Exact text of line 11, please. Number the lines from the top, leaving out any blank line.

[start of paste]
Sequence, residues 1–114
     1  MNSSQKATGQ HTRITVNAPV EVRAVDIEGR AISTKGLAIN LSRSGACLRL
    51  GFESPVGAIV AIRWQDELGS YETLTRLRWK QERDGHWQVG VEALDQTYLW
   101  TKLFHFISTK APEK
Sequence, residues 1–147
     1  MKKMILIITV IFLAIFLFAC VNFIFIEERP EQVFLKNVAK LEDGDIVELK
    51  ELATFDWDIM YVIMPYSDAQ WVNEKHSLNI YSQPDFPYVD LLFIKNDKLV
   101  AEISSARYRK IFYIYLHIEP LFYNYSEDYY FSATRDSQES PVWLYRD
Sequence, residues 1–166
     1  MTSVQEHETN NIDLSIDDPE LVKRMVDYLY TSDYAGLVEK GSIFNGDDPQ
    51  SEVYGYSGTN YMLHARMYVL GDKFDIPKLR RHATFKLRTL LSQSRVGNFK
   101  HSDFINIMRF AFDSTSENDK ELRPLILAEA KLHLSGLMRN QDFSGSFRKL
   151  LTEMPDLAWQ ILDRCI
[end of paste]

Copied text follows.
    51  SEVYGYSGTN YMLHARMYVL GDKFDIPKLR RHATFKLRTL LSQSRVGNFK